By Robin Meade
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Editor's note: In our "Behind the Scenes" series, CNN correspondents and anchors share their experiences covering the news and analyze the stories behind events.
(CNN) -- What can you say to someone who has lost a loved one to war? I'm afraid it's something I'll have to think about before we head back to Fort Bragg this weekend for our Memorial Day broadcast. This is after one of the stories we taped recently at Fort Bragg in North Carolina took a stunning turn.
Picture it: Our intention was to do a heartwarming story for a "Robin & Company" Memorial Day special, showing kids at an elementary school collecting pens for U.S. troops.
We went, we taped and we gushed. The students were enthusiastic that children in Afghanistan would be getting all the pens, markers and pencils that they, the kids of McNair Elementary at Fort Bragg, had collected.
The idea was the brainchild of Wesley Bauguess and a friend. Wesley's husband, Larry, who's with the 82nd Airborne Division, told her about his patrols as part of Operation Enduring Freedom in Afghanistan. He said the Afghan kids were fascinated with the U.S. troops and the pens they regularly carried on their uniforms. They darn near had to give the pens to the kids so they could get on with their mission for the day.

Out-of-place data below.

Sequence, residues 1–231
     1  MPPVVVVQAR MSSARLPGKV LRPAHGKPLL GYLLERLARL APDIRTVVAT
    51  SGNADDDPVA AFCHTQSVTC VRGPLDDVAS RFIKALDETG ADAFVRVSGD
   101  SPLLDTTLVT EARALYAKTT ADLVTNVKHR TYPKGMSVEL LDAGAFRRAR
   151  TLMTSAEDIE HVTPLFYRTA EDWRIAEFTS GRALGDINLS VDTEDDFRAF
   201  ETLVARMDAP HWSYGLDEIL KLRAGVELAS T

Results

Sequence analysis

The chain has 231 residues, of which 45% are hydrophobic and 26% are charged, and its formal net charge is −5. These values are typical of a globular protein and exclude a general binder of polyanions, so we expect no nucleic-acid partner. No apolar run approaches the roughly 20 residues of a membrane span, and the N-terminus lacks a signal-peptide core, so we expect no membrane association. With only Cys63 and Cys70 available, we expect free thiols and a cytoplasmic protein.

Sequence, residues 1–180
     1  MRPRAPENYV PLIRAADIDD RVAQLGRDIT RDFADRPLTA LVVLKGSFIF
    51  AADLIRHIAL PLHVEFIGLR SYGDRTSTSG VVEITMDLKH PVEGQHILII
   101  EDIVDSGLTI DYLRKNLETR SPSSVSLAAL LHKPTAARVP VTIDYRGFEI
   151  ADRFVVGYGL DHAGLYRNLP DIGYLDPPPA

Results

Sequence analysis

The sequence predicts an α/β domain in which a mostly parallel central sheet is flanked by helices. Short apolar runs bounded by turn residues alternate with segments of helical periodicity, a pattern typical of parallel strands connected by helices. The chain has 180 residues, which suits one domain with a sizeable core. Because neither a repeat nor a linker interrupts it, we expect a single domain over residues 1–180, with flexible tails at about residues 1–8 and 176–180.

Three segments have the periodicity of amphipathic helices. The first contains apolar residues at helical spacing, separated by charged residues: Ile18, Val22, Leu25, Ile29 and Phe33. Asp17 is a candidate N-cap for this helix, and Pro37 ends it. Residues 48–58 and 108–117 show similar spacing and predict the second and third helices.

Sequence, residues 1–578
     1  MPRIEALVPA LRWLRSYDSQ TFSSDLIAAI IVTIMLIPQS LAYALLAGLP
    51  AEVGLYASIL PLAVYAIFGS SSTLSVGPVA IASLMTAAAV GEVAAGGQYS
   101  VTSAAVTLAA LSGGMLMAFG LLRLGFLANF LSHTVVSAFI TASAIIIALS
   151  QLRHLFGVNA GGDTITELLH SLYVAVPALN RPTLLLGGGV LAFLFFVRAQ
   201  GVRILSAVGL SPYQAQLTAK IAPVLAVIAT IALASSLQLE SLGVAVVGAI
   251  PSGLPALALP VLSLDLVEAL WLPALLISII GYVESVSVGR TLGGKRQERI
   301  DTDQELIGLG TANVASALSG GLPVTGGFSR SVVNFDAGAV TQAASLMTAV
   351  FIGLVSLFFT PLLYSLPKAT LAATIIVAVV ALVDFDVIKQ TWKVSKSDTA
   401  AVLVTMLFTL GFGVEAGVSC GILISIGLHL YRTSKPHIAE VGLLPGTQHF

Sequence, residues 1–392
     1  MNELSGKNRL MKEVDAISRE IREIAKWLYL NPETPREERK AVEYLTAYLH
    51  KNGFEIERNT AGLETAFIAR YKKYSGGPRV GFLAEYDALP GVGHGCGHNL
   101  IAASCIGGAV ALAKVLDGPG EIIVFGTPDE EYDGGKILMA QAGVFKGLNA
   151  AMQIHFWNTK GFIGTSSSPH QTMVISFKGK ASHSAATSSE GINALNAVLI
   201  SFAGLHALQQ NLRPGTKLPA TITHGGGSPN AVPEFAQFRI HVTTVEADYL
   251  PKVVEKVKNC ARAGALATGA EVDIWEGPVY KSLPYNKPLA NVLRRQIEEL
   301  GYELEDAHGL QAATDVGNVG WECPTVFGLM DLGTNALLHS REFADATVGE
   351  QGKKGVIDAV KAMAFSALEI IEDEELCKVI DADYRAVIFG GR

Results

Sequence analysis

So Wesley got the idea that kids at Fort Bragg could collect pens for kids all the way over there.
So sweet and feel-good, right?
Well, after we returned to Atlanta, Georgia, we learned that Maj. Larry Bauguess Jr. had been killed in action a few days after we taped the "Pens for Progress" story.
Our hearts went out to Wesley and her two tiny girls, who sat in on the taping with the other children thinking that these pens would go to their "Daddy" and his men.
I didn't expect what happened next: Wesley insisted that we still run the story about "Pens for Progress" and that the story be about the kids and the collection, not about her and her loss.
Her selflessness, even in amid heartache and grieving, is moving. Here she is -- I can only imagine -- maybe dealing with issues like memorials, insurance, wills -- who knows -- yet she wants to make sure her tragedy doesn't overshadow the effort to help the kids in Afghanistan.
With her selflessness and his service, she and Larry must have made a great pair.
Some people's actions are examples for the rest of us. The only thing I could say to her is thank you for your family's sacrifice this Memorial Day, a day that will forever have a different meaning for her.
Robin Meade talks with students at McNair Elementary School at Fort Bragg, North Carolina, about the "Pens for Progress" program.
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